Brian De Palma's film The Fury (1978) mines similar ground but Cronenberg's film rises above De Palma's puzzling entry with some tense scanner battles, car chases and bloody gun play, there's no shortage of action and intrigue and layered on top of that are superb special effects work from the legendary Dick Smith (Star Wars, Exorcist) and make-up effects artists Stephen Dupuis (Robocop, JasonX), grotesque bulging veins spewing blood, exploding eyes, incineration and the aforementioned exploding head, if you love 'em bloody and practical the special effects here are above par and do not disappoint.

I have a few small qualms with the film, for one the story gets convoluted at times, a flaw which rears it's ugly head from time to time but not as much as one might expect given that the film began production without a finished script. Stephen Lack is just alright as the lead character, he's a bit aloof and not the most charismatic guy, it's not ruinous just a bit unfortunate. Michael Ironside is superb as the villainous Revok, on par with some of his best stuff, love that guy.  Lawrence Dane is appropriately menacing as the ConSec chief of security, though his death scene was less than extraordinary in a film laced with memorable deaths. At the start of the film we get a fantastic brain-bust and it climaxes with something equally grotesque, it's a finale that does not disappoint.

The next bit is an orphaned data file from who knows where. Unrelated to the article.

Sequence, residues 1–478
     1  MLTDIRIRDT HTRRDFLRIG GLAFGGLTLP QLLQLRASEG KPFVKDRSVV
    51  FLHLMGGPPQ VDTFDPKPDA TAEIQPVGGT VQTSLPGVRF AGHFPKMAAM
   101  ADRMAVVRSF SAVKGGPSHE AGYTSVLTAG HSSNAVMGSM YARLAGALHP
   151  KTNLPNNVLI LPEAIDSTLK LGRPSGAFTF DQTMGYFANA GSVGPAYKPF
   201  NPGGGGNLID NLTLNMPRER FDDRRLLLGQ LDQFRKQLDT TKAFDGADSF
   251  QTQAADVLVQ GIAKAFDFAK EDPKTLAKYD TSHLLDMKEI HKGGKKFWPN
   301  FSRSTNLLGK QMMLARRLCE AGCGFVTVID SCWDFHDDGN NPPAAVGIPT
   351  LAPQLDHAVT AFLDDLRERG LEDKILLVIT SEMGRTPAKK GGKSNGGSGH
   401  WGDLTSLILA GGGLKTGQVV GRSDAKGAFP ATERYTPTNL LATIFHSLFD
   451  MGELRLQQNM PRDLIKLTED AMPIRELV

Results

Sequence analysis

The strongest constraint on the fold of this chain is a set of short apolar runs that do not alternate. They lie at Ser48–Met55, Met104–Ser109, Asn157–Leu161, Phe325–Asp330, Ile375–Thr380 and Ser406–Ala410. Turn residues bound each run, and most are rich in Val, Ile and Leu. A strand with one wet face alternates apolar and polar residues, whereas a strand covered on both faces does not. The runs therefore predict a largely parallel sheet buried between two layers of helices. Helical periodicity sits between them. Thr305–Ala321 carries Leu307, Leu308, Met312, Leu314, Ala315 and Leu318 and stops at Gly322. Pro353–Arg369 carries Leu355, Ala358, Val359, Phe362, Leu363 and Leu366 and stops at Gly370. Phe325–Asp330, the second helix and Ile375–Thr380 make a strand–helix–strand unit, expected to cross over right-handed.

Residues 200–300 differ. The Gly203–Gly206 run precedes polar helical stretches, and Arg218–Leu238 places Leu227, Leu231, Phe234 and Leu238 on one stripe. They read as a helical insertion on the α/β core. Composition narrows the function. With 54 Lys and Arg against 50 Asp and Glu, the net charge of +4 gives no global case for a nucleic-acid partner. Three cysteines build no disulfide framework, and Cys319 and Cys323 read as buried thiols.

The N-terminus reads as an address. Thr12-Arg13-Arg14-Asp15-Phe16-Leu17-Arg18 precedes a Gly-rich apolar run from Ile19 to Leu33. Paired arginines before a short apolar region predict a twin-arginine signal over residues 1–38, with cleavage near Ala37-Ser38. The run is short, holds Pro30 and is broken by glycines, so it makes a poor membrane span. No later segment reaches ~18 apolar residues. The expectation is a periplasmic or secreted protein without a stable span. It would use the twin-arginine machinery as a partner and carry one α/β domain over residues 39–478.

DVD: Second Sight Films brings David Cronenberg's Scanners (1980) to the UK with a Region 2 locked edition that presents the film in anamorphic widescreen (1.85:1) with strong color saturation and decent black levels. I didn't have by Region 1 MGM edition handy for comparison's sake but was pleased with the image, sourced from a very fine print with minimal print damage, it's appropriately crisp given the age of the film, not much of anything to complain about here. Audio options include English language Dolby Digital 2.0 and a 5.1 Surround mix with optional English subtitles. Dialogue is crisp and effects and score are well balanced throughout. Due to this being an NTSC to PAL convert there is the 4.2% PAL speed-up which renders the pitch a bit higher and running time a bit shorter which converts a 104 minute film into a 99 minute film but it's honestly was not noticeable to me. That said, this makes for a good argument to adopt a region-free Blu-ray player as the 1080p format does not suffer the same speed-up issues and must look amazing.